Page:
A recent study from the Pew Research Center reported that a little more than a third of all parents surveyed want their children to grow up to follow the same religion they do. While answers to the question of whether it's important for children to follow in their parents' specific spiritual footsteps vary widely according to denomination and race, some key similarities ultimately stand out.

The Difference Between Denominations

The number of those who reported that is very important to them that their children share their religion differs across a few key demographics:

  • Protestant - 55%
  • White evangelicals - 70%
  • Black protestant - 53%
  • Catholic - 35%
  • Hispanic - 39%
  • Religiously unaffiliated - 8%

Across the board, those who identify as evangelical are more likely to consider it important that their children follow the same religion. This result is probably a function of the nature of evangelicalism itself. The Great Commission outlined at the end of the book of Matthew to go into the world and make converts of others is one of the core values of this particular strain of Christianity. 

Therefore, it makes sense that people who practice evangelical religion would want their children to keep the same faith into adulthood. After all, how can these parents expect someone to convert to a religion their own children reject? For many, their children serve as their first and most important victims.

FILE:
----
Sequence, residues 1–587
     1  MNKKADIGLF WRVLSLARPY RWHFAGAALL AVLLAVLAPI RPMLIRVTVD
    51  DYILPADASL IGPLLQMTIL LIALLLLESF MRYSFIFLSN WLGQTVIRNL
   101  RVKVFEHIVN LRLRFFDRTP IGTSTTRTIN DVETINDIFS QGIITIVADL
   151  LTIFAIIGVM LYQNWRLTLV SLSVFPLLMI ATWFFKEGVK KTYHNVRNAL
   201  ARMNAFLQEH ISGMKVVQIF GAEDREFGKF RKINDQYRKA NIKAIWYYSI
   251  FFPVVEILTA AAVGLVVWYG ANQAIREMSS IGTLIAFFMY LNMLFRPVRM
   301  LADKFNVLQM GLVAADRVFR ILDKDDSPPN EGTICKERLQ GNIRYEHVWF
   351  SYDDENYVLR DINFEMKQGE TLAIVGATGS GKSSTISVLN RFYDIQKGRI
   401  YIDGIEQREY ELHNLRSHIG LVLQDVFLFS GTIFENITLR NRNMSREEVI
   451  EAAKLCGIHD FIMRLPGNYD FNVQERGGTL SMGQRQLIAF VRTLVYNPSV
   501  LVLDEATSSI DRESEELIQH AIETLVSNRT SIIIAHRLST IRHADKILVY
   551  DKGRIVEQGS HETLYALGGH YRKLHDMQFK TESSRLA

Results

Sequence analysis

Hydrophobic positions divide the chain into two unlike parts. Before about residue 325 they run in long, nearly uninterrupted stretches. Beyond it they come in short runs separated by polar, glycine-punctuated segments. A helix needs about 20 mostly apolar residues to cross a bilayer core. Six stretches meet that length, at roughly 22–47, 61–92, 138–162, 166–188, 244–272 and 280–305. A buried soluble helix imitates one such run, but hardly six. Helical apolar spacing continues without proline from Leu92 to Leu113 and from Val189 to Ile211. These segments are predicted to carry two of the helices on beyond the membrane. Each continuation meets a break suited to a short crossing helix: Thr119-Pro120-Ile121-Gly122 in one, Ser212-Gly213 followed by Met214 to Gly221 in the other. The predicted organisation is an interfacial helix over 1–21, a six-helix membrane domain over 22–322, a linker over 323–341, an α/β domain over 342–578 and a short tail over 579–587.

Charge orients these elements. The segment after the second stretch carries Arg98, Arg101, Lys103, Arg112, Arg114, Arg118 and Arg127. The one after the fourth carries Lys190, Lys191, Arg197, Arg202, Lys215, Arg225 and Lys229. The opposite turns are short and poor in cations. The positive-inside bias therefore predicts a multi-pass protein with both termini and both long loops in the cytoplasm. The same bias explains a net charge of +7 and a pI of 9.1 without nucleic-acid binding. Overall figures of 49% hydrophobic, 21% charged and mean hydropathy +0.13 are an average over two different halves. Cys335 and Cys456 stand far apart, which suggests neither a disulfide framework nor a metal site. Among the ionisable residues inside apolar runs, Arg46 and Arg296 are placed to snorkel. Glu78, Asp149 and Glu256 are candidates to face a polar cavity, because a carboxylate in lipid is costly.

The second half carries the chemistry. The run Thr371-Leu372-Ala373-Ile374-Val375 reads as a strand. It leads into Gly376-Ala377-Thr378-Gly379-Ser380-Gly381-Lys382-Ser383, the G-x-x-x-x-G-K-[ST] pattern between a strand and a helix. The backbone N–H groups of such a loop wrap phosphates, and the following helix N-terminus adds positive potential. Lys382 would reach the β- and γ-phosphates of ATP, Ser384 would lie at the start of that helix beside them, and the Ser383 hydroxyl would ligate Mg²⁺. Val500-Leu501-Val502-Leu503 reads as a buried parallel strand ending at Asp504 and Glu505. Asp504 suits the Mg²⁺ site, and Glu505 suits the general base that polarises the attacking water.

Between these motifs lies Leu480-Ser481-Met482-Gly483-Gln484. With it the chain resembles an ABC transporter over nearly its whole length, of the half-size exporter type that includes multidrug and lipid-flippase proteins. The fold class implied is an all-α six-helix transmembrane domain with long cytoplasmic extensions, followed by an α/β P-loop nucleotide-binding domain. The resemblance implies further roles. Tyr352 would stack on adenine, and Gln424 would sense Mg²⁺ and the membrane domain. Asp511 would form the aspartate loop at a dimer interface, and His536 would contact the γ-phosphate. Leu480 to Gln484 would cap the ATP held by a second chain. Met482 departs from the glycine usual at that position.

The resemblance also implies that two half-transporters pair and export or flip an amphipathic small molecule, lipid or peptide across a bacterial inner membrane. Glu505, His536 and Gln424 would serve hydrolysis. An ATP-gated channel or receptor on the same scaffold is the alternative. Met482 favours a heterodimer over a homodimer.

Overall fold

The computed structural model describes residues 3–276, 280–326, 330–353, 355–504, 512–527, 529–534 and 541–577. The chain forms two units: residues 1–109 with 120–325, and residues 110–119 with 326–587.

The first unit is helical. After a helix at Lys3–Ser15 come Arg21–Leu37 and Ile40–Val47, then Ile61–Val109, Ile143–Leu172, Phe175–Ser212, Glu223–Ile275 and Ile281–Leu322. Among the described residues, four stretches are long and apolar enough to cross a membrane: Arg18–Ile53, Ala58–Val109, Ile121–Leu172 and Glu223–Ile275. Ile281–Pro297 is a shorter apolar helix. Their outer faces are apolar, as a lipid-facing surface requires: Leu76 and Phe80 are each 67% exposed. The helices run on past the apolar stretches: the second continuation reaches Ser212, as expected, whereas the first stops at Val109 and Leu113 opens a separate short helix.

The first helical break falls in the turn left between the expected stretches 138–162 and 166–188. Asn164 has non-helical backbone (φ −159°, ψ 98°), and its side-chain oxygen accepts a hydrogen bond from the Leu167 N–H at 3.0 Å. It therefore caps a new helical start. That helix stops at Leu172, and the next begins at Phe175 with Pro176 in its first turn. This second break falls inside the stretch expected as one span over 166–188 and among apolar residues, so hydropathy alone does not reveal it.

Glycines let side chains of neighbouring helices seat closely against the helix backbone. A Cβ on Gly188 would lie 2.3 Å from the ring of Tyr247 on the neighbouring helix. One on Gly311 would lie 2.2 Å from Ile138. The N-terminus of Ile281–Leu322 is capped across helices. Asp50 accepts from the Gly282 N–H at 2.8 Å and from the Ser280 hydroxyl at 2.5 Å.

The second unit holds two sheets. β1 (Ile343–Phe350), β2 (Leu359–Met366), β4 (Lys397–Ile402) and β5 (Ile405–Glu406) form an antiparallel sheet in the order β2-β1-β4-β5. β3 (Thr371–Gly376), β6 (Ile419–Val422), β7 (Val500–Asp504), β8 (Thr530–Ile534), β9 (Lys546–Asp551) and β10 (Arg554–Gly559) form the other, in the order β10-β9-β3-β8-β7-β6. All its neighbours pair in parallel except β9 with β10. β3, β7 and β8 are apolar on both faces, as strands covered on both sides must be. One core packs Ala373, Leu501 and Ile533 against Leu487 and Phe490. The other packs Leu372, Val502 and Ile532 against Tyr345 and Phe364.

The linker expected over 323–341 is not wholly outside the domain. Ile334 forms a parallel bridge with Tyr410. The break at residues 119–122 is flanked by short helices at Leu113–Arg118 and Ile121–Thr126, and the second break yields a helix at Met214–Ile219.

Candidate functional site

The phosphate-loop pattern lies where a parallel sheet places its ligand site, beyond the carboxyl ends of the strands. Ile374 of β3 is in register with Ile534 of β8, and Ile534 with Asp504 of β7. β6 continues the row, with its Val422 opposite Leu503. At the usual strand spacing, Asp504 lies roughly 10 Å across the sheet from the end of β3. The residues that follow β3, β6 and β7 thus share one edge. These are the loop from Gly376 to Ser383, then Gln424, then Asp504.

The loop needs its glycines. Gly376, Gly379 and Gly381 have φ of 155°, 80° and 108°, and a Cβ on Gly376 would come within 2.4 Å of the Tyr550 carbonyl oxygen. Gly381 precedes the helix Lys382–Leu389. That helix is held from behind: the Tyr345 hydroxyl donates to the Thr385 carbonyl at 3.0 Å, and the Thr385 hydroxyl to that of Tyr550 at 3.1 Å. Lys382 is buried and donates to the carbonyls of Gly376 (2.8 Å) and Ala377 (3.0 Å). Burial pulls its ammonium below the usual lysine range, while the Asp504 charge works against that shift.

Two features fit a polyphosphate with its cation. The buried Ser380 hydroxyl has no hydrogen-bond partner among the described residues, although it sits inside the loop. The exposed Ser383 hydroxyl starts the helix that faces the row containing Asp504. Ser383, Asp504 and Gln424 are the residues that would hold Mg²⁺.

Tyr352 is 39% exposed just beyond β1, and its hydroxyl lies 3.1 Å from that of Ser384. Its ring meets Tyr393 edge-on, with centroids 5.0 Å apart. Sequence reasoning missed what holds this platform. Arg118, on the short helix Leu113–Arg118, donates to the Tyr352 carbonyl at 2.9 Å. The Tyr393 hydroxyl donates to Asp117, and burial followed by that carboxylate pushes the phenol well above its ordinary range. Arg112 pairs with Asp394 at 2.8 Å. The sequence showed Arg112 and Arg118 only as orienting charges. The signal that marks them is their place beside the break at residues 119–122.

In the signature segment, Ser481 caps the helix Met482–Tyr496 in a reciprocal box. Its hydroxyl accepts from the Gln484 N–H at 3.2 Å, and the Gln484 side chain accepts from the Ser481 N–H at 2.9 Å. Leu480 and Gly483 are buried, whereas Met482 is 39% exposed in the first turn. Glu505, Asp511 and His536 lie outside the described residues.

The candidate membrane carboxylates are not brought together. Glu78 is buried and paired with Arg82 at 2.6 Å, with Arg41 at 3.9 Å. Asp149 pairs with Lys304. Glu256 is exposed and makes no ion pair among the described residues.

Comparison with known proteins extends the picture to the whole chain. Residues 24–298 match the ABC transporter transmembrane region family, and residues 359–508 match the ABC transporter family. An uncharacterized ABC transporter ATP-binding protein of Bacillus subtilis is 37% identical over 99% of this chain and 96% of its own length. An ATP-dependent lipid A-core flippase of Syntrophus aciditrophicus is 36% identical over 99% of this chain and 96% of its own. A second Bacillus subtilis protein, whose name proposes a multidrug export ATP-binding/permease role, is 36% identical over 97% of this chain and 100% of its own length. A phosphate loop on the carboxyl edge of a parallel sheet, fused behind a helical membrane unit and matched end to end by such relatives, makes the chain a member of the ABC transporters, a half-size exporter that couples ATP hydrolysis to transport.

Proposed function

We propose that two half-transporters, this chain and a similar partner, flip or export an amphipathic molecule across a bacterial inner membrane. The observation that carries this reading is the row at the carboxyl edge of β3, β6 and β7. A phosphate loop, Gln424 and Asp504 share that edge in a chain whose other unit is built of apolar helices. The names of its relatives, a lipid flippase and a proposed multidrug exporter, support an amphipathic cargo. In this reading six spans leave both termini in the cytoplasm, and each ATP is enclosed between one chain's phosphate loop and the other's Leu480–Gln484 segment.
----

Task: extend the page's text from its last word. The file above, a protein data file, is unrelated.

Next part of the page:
Another possible reason evangelicals rate shared faith so highly is that they are less likely to separate sharing the gospel of Christ with others from living out the values inherent in the faith. They tend to believe that to embrace the religion itself is also to follow its basic rules for a moral life. When viewed in this context, the number of evangelicals who want their children to carry on their religion as adults makes a lot of sense.

The Importance of Shared Values

Having children grow up to embody their parents' general values as adults is something that most respondents surveyed hope for, regardless of religious affiliation or lack thereof. Approximately 81% reported that they want to instill in their kids the desire to help those in need, with white evangelical parents reporting the highest rate of agreement (89%) with this statement. Showing acceptance of others regardless of differences is also a value the vast majority of respondents hope their children share.

Treating others with kindness is a basic tenet of most faiths. This value can take many forms. Many people of faith use social media to draw attention to needs in their communities and the world at large so that others can join them in alleviating the struggles of those who are hurting. They volunteer at soup kitchens and women's shelters. They educate people about conserving energy and preserving the environment for generations to come.

Whether they ascribe to a specific religion or not, most parents want their children to get along well with others. Parents can teach their kids to try to understand where people are coming from even when those people reach different conclusions about the world. Children learn to appreciate the nuance necessary to stand up for what they believe while still respecting those who follow a different path.

Leading the Next Generation

The main takeaway from this Pew survey is that most parents expect their children to grow up to be responsible citizens of the world. Regardless of their own specific religious leanings, these parents teach values that they want their children to embody and hope to give their kids the necessary tools to live good, moral lives in harmony with others.

Category: Freedom of Religion

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